BlackBerry's Ace in the Hole

Carl Weinschenk
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Top Five Smartphone Security Tips

Five smartphone security tips that most people routinely overlook.

BlackBerry, as the lead sentence in this eWeek story points out, is not having a good week.


The biggest news is that the company has had worldwide service problems. The piece says that issues have cropped up, according to a statement Research In Motion had provided to the Wall Street Journal, "in Europe, the Middle East and Africa, India, Brazil, Chile and Argentina."


That's a lot of territory. At the same time, eWeek, Reuters and other sites report that Jaguar Financial Corp., a Canadian merchant bank, is calling for a shake-up. This could take the form of a sale, company breakup and/or management change, according to Reuters.

The Reuters piece also says that Jaguar can demand a shareholders meeting with 8 percent support. The story says that it wants co-CEOs Mike Lazaridis and Jim Balsillie forced out.


The big two in the smartphone race are Apple and Google. The race generally is considered to be for third place. The two leading candidates are BlackBerry and Microsoft, which has made a big splash in recent months with its Windows Mobile 7/Windows Mobile.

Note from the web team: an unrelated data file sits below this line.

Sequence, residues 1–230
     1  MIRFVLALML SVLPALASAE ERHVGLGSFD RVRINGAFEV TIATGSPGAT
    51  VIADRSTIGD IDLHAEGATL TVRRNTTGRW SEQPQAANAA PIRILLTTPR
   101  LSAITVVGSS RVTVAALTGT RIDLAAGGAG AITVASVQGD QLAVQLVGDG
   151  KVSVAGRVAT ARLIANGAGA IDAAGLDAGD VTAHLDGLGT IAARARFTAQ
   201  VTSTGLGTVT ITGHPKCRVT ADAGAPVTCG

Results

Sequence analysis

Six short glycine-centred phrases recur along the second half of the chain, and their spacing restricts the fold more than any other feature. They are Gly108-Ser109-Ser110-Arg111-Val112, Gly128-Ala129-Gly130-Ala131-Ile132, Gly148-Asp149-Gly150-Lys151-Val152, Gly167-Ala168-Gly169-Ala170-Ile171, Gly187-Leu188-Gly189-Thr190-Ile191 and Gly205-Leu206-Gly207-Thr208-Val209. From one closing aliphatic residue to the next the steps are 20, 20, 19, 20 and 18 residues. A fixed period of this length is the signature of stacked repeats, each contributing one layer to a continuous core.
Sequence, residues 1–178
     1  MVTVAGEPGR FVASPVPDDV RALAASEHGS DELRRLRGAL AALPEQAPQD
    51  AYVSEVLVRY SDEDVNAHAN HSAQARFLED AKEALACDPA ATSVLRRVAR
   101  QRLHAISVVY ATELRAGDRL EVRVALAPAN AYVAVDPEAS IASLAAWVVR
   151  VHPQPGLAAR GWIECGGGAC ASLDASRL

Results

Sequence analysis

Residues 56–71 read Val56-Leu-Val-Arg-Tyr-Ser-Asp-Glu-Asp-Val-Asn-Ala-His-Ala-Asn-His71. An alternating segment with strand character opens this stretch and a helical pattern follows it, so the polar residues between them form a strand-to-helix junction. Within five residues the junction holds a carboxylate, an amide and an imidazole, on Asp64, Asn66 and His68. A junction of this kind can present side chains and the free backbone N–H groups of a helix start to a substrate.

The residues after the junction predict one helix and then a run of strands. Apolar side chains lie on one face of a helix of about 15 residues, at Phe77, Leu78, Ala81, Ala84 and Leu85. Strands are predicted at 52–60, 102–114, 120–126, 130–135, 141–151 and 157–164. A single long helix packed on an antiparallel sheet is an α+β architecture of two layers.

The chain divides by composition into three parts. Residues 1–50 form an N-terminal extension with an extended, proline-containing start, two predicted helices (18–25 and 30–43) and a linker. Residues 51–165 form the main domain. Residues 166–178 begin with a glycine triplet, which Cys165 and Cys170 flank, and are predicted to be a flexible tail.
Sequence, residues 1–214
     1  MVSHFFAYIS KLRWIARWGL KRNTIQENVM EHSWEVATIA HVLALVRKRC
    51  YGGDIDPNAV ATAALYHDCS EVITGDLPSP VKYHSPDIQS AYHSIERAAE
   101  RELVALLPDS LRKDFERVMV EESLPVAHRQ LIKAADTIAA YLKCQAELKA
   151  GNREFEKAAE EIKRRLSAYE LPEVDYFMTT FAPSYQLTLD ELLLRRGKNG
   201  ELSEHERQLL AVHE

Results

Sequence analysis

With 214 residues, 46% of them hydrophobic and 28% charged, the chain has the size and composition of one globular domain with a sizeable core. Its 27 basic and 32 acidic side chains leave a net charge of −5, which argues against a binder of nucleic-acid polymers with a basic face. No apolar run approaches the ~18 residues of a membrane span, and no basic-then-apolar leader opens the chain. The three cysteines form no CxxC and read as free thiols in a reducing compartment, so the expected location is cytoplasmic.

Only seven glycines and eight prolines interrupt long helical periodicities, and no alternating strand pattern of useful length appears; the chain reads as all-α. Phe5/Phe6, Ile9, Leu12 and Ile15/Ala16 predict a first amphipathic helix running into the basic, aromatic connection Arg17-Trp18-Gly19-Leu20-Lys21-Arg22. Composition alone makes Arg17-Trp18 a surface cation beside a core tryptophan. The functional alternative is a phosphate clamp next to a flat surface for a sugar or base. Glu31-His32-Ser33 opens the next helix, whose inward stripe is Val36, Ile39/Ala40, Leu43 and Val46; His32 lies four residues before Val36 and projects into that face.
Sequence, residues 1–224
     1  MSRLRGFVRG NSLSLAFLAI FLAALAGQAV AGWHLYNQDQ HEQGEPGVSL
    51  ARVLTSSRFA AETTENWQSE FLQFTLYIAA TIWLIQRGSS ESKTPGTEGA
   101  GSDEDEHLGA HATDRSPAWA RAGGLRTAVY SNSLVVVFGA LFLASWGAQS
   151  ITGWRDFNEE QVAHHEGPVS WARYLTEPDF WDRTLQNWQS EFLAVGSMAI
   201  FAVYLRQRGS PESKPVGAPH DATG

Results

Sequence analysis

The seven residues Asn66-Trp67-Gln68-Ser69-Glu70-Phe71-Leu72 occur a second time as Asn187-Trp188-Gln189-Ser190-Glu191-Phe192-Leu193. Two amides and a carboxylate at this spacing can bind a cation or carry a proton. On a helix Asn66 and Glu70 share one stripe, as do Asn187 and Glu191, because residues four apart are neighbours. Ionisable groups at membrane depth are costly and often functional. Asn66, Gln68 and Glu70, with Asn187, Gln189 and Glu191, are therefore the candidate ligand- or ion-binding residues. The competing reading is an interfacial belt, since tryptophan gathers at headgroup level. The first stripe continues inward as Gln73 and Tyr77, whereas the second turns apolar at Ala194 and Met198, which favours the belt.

Microsoft, of course, can boast its ability to link most efficiently and seamlessly to its productivity applications. RIM has its own ace up its sleeve, at least as far as the enterprise is concerned: It has written the book on smartphone security and management. It is, at least according to IT World, way ahead of the pack:

In terms of corporate deployment, RIM's BlackBerry is still the platinum standard for IT teams to manage, an area in which iOS- and Android-devices are considered to be very poor performers. There's a lot of reasons for this: the BlackBerry Enterprise Server is great for local and remote management and security policy implementation. And BlackBerry devices have enough hooks inside that cellular carriers can sell pre-configured devices in bulk to corporate accounts.

The story details the shortcomings of iOS and Android. The piece suggests that the Google entry is a bit more advanced than the Apple product, but both are way behind BlackBerry.


Better management and security isn't sexy and certainly won't single-handedly solve the problems generated by international outages and an angry and powerful merchant bank. But it could help Blackberry - whoever owns it and whoever runs it - for businesses to continue using it over the long term. After all, the BlackBerry was cool before smartphones were, well, smartphones.

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